Pompeo says he was on Trump’s Ukraine phone call

National News

October 2, 2019 - 10:32 AM

Mike Pompeo

WASHINGTON (AP) — Secretary of State Mike Pompeo acknowledged Wednesday he was on the July phone call between President Donald Trump and Ukraine’s president that’s at the center of the House impeachment inquiry. But Pompeo continued to push back against what he said was Democrats’ “bullying and intimidation.”

The Trump administration has set a defiant tone, resisting Congress’ access to impeachment witnesses, even as House Democrats warned such efforts themselves could amount to an impeachable offense.

Pompeo has tried to delay five current and former officials from providing documents and testimony in the inquiry that could lead to charges against Trump. But Democrats were able to set closed-door depositions for Thursday for former special envoy to Ukraine Kurt Volker and next week for ousted U.S. Ambassador Marie Yovanovitch.

Pompeo acknowledged at a news conference in Rome on Wednesday that “I was on the phone call” on July 25 between Trump and the Ukraine president, saying that as America’s chief diplomat he was well-versed in U.S. policy toward Ukraine.

But he continued to sound a defiant note on the House impeachment probe, asserting that House investigators contacted “State Department employees directly” and told them not to contact State Department lawyers for advice. He said the State Department would “do our Constitutional duty to cooperate” with Congress but wouldn’t tolerate “bullying and intimidation.”

The escalating exchange of accusations and warnings signaled yet another stiffening in the confrontation between the executive and legislative branches amid the Democrats’ launching of the impeachment inquiry late last week. That followed a national security whistleblower’s disclosure of Trump’s phone call seeking help from the new Ukrainian president in investigating Democratic political rival Joe Biden and Biden’s son Hunter.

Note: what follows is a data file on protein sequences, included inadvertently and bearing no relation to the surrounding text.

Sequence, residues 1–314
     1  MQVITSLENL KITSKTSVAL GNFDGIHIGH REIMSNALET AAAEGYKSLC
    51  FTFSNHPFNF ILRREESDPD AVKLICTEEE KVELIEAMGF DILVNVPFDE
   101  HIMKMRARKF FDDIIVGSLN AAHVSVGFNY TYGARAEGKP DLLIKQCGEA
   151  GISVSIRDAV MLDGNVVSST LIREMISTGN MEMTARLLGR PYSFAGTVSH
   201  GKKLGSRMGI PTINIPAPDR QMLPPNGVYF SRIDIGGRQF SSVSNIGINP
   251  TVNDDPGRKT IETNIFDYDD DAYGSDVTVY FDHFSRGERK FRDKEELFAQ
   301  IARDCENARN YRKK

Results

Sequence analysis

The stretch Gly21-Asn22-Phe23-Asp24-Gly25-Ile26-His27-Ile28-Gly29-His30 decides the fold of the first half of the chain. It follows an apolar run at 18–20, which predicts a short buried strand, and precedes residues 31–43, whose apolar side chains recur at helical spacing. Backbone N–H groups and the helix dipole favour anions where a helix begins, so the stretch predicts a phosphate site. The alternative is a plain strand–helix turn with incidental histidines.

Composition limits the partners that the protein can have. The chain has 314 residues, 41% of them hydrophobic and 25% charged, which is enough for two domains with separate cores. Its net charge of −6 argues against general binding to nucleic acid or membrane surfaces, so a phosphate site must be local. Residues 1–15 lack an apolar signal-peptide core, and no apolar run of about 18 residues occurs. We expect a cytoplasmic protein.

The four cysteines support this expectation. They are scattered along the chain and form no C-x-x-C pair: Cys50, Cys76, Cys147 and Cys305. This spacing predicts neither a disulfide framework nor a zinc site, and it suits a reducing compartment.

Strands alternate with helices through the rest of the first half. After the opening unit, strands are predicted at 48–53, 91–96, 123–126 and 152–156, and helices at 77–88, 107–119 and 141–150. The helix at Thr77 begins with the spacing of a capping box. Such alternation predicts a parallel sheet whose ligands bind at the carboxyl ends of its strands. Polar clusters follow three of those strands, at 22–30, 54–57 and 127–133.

On Wednesday, the State Department’s inspector general is expected to brief congressional staff from several House and Senate appropriations, oversight, foreign affairs and intelligence committees on their requests for information and documents on Ukraine, according to an aide familiar with the planning. The inspector general acts independently from Pompeo.

In a Tuesday evening tweet, Trump cast the impeachment inquiry as a coup “intended to take away the Power of the People, their VOTE, their Freedoms, their Second Amendment, Religion, Military, Border Wall, and their God-given rights as a Citizen of The United States of America!” In fact, a coup is usually defined as a sudden, violent and illegal seizure of government power. The impeachment process is laid out in the U.S. Constitution.

Some Trump supporters cheered Pompeo’s muscular response to the Democrats. But it also complicated the secretary’s own situation, since he listened in during Trump’s July phone call with Ukrainian leader Volodymyr Zelenskiy that helped trigger the impeachment inquiry.

“Any effort to intimidate witnesses or prevent them from talking with Congress — including State Department employees — is illegal and will constitute evidence of obstruction of the impeachment inquiry,” said three House chairmen, Adam Schiff of the intelligence committee, Eliot Engel of Foreign Affairs, and Elijah Cummings of Oversight.

They said that if he was on Trump’s call, “Secretary Pompeo is now a fact witness in the House impeachment inquiry.” And they warned, “He should immediately cease intimidating Department witnesses in order to protect himself and the President.”

The committees are seeking voluntary testimony from the current and former officials as the House digs into State Department actions and Trump’s other calls with foreign leaders that have been shielded from scrutiny.

In halting any appearances by State officials, and demanding that executive branch lawyers accompany them, Pompeo is underscoring Attorney General William Barr’s expansive view of White House authority and setting a tone for conflicts to come.

When issuing a separate subpoena last week as part of the inquiry, the chairmen of the three House committees made it clear that stonewalling their investigation would be fought.

“Your failure or refusal to comply with the subpoena shall constitute evidence of obstruction of the House’s impeachment inquiry,” the three chairmen wrote.

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